Trade him to the Celtics or Bulls. Take the first round picks & get the big name in 2015 or 2016. I wouldn’t give Melo the max.

    • loubearkane - Jun 20, 2014 at 3:07 PM

      Make a valid point and get thumbed down , nice.

      • billtetley53 - Jun 20, 2014 at 3:21 PM

        Lou, people like canton, are going to get thumbed fown on reputation alone. He made such an a s s of himself during the playoffs, its just going to be an automatic, no matter what he types.

        Hes a meathead, so who cares.

        What is everyones preoccupation with the thumbs? Why does anyone care if a total stranger agrees or disagrees with them?

      • loubearkane - Jun 20, 2014 at 3:29 PM

        Was curious the 4 came pretty fast

      • sportsfan18 - Jun 20, 2014 at 3:48 PM

        thumbs are meaningless…

        it’s the comments in return that mean something, not the thumbs.

        reading the comments and the lack of reasoning abilities is fun… and also sad as due to people like this the country is going downhill…

      • jimeejohnson - Jun 20, 2014 at 5:20 PM

        Thumbs sure were meaningless when you thumbed down anti!

      • loubearkane - Jun 20, 2014 at 5:31 PM

        Thumb Anti down because he brings Lebron to every story. Whatever team , whatever player that’s why. Otherwise I like the fact he sticks to what he says and doesn’t get sucked into the silly talk.
        To say Lebron played alone is just wrong , Heat had a bad series , the wear and tear of the regular season and lack of depth caught up to them , it is what it is just give the Spurs , Tim Duncan , Greg Popavich etc the credit they deserve.
        I hope Lebron opts out , I would like him to some how land in Philly , not a 76ers fan but would be good for the league.
        Hope Bosh opts out and goes to Dallas , I think he belongs in Texas and maybe he can get back the All Star and potentially HOF form that he had.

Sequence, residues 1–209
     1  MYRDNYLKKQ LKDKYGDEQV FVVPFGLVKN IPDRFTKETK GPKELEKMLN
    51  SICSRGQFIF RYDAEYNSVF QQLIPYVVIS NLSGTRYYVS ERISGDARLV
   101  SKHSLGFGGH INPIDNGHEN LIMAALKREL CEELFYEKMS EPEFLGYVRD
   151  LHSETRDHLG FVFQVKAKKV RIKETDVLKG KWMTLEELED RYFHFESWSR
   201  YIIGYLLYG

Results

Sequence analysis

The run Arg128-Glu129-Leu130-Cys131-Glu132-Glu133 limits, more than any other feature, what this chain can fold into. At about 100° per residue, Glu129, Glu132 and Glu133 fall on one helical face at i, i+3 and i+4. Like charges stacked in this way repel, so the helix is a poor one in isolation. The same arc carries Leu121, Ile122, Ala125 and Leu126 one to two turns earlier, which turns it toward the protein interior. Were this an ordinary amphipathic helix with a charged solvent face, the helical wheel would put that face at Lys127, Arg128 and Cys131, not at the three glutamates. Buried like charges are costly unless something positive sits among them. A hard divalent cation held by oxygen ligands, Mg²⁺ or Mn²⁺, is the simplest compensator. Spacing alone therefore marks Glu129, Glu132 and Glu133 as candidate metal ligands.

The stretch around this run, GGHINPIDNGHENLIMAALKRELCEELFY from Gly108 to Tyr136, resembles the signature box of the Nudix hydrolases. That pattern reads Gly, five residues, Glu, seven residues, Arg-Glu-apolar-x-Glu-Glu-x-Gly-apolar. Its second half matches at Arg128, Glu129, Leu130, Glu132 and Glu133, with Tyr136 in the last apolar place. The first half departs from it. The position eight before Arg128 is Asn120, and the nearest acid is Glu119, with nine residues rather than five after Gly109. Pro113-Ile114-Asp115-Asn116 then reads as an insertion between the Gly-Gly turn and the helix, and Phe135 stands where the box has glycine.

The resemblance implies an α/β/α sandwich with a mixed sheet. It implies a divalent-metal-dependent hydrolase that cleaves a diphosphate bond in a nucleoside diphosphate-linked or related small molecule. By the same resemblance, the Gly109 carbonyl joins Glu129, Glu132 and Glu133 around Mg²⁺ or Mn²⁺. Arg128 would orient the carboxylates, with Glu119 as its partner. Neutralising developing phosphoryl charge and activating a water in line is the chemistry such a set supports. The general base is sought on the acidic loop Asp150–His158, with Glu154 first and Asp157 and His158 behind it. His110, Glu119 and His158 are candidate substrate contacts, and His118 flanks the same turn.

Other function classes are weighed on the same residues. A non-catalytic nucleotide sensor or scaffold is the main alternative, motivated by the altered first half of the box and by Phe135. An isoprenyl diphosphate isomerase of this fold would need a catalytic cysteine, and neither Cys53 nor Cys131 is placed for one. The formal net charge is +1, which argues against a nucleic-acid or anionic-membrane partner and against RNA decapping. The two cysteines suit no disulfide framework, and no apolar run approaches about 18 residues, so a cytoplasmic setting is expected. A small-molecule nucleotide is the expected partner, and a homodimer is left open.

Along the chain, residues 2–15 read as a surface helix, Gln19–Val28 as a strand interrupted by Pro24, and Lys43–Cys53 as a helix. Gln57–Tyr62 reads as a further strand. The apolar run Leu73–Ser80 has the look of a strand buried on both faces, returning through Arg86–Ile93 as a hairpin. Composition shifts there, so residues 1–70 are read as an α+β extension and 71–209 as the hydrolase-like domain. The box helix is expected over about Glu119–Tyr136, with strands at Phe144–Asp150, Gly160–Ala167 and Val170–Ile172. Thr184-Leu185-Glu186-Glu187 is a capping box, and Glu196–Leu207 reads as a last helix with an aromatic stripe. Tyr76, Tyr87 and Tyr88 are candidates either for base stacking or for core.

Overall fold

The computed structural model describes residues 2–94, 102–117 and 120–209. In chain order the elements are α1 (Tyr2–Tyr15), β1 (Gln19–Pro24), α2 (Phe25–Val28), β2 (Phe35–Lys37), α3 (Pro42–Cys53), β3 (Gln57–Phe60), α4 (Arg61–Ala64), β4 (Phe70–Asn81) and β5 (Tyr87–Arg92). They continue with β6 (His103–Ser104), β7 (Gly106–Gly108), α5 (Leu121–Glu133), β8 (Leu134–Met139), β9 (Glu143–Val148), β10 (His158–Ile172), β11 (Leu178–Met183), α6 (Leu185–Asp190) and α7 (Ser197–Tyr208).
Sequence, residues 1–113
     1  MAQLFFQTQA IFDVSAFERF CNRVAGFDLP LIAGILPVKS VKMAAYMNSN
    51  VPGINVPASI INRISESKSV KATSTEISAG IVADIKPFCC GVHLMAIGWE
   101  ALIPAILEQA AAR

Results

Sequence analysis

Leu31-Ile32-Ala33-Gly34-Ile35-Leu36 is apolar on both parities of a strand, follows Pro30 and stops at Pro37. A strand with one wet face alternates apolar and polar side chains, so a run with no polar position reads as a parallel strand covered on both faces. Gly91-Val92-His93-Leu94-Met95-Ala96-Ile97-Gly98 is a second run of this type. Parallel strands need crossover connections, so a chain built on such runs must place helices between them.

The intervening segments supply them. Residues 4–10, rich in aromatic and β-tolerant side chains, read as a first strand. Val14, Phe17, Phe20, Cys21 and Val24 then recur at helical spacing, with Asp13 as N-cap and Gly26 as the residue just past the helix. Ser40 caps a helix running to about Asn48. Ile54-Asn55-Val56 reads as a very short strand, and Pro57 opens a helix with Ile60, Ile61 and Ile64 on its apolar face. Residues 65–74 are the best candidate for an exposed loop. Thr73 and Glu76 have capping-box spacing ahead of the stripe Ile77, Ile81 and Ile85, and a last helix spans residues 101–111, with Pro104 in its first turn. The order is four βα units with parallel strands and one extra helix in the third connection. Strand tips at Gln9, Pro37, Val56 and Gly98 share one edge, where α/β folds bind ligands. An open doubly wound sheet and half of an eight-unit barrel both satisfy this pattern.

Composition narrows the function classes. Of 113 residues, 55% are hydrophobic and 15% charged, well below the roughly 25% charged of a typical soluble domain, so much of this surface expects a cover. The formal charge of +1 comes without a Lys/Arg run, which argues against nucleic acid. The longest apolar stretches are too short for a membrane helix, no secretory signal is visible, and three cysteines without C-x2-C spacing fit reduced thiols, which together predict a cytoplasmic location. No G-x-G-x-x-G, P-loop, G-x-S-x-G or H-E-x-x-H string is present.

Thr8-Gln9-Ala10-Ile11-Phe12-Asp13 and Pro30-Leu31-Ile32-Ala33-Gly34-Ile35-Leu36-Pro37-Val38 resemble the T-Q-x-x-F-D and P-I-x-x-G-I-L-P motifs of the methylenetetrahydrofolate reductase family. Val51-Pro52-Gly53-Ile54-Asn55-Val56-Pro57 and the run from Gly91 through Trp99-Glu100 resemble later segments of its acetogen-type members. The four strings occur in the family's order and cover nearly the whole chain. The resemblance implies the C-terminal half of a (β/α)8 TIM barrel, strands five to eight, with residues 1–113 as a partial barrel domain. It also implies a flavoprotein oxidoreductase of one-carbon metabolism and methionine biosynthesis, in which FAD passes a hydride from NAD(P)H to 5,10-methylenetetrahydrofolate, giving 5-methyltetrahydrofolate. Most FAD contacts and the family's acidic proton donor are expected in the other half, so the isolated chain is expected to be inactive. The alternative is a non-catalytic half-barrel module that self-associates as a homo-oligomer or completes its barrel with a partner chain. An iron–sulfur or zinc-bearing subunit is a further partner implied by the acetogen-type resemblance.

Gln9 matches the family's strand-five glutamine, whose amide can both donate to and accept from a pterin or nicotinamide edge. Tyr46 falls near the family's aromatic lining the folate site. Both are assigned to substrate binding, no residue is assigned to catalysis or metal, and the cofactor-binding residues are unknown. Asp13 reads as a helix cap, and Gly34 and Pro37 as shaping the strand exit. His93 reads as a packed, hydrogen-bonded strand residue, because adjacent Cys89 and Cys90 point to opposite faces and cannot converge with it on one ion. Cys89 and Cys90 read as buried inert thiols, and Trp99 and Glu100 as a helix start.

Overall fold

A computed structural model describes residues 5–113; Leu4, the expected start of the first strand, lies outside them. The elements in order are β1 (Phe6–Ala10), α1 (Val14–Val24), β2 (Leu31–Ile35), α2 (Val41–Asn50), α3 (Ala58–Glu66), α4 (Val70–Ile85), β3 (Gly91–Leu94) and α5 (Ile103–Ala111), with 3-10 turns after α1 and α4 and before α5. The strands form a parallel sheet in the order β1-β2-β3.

If and when Lebron does leave , will the “Heat Fans” still be around?

      • cantonbound13 - Jun 20, 2014 at 8:12 PM

        Thumbs down are bitter heat fans after their beating & knowing I’ve been right all along.

  2. loubearkane - Jun 20, 2014 at 3:00 PM

    Jackson is going to have to tear it down before he can build it back up. I really believe Jackson’s goal is to make the Knicks a contender before the Lakers.

    • 1historian - Jun 21, 2014 at 7:57 AM

      of course it is

  3. boctavious - Jun 20, 2014 at 3:03 PM

    Cavaliers trade the number 1 pick to Knicks for Melo….Carmelo, Kyrie and….wait for it…..LeBron. Cavs dynasty.

    • bucrightoff - Jun 20, 2014 at 3:39 PM

      Still not good enough to beat the Spurs.

    • 1historian - Jun 21, 2014 at 7:58 AM

      2 words that do NOT belong in the same sentence are Cavs and Dynasty

  4. jadaruler - Jun 20, 2014 at 4:07 PM

    Any trade with Chicago that does include Butler or Gibson is a loss for the Knicks.

    What about Melo for Bledsoe, one of the twins, and 2 1st rounders?

    • dadawg77 - Jun 20, 2014 at 4:31 PM

      Why, this isn’t a Kevin Love trade? The Bulls (or other teams) could sign him without the Knicks getting anything for next year. Minn has services of Love for one more year at least, hence a higher trade return. I actually think the Bulls example above is too much for this type of trade. Its basically a sign and trade deal ahead of schedule. Since Melo has to approve the deal for it to happen, the only leverage the Knicks have is how much Melo wants the extra cash. If Melo is willing to leave for the maximum offer of the other team, the Knicks will get very little in return.

  5. nokoolaidcowboy - Jun 20, 2014 at 4:23 PM

    What do you guys think of a trade with the Nets?

    • jimeejohnson - Jun 20, 2014 at 5:19 PM

      Knicks need good, young talent and the Nets don’t have much of that, let alone anything else.

      • 1historian - Jun 21, 2014 at 7:59 AM

        and the Celts’ own their #1 this year, 2016 and 2017, by which time they’ll probably be Lottery picks.

    • dadawg77 - Jun 20, 2014 at 5:26 PM

      The expiring contracts on the Nets wouldn’t work.

    • sportsfan18 - Jun 20, 2014 at 7:34 PM


    • 1historian - Jun 21, 2014 at 8:00 AM

      whoops – the Celts own the Nets’ #`1 in 2017, not 2017.

      • 1historian - Jun 21, 2014 at 8:01 AM



  6. bux1022 - Jun 20, 2014 at 4:34 PM

    Knicks nets don’t trade, period! Never happening! Melo leaving millions on the table, never happening. We either resign or we will trade him!

  7. tbutler704 - Jun 20, 2014 at 7:35 PM

    You started writing “Melo” and it became a hilarious epidemic.